Kenneth G. Libbrecht
This monograph reviews our current understanding of the physical dynamics of ice crystal growth, focusing on the spontaneous formation of complex structures from water vapor (called snow crystals) as a function of temperature, supersaturation, background gas pressure, and other extrinsic parameters. Snow crystal growth is a remarkably rich and rather poorly understood phenomenon, requiring a synthesis of concepts from materials science, crystal-growth theory, statistical mechanics, diffusion-limited solidification, finite-element modeling, and molecular surface processes. Building upon recent advances in precision measurement techniques, computation modeling methods, and molecular dynamics simulations of crystalline surfaces, I believe we are moving rapidly toward the long-sought goal of developing a full physical model of snow crystal formation, using ab initio molecular dynamics simulations to create a semi-empirical characterization of the nanoscale surface attachment kinetics, and then incorporating that into a full computational model that reproduces the growth of macroscopic crystalline structures. Section 1 of this monograph deals mainly with the material properties of ice Ih in equilibrium, including thermodynamics quantities, facet surface structures, terrace step energies, and crystal twinning behaviors.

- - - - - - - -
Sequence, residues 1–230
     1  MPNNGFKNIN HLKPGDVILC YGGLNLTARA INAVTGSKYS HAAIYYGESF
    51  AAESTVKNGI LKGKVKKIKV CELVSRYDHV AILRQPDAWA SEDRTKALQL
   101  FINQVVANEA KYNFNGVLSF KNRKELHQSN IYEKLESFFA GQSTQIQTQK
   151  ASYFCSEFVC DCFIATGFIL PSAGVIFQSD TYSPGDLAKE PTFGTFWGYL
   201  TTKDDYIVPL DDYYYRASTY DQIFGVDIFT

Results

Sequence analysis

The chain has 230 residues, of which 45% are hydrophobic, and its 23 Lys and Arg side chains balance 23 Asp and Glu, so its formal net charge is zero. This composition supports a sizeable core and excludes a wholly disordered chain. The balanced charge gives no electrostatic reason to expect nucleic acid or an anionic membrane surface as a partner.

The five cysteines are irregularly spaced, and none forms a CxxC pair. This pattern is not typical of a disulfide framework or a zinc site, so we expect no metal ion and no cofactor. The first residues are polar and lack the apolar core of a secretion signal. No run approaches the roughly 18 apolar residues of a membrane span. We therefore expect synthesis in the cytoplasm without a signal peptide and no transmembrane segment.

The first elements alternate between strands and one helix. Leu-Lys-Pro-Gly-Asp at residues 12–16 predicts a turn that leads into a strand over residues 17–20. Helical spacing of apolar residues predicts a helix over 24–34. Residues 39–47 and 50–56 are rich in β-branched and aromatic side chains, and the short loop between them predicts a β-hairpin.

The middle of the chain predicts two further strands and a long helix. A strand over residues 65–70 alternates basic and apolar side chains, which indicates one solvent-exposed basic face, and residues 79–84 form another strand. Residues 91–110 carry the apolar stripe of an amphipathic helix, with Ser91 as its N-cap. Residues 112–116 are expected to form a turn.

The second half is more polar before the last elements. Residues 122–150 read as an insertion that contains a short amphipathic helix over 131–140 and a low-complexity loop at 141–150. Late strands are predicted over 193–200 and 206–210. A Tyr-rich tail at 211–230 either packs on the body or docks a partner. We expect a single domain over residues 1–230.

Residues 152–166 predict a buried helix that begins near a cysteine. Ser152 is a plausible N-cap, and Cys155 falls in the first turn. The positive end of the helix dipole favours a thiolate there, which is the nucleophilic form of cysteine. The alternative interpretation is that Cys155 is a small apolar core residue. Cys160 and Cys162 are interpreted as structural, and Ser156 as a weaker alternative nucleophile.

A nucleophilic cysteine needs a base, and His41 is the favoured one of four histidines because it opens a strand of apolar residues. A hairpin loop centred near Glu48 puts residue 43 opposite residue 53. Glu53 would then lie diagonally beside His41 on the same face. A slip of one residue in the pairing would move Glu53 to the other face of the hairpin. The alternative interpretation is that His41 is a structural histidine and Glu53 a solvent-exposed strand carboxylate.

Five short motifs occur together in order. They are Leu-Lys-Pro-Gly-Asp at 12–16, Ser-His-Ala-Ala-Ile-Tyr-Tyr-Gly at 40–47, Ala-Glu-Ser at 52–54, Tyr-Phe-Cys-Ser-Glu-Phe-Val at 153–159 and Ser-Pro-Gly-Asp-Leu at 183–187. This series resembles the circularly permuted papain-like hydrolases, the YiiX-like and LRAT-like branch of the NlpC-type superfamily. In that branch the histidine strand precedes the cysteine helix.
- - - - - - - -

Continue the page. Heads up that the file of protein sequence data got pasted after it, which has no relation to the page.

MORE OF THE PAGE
This 525 page monograph is HERE.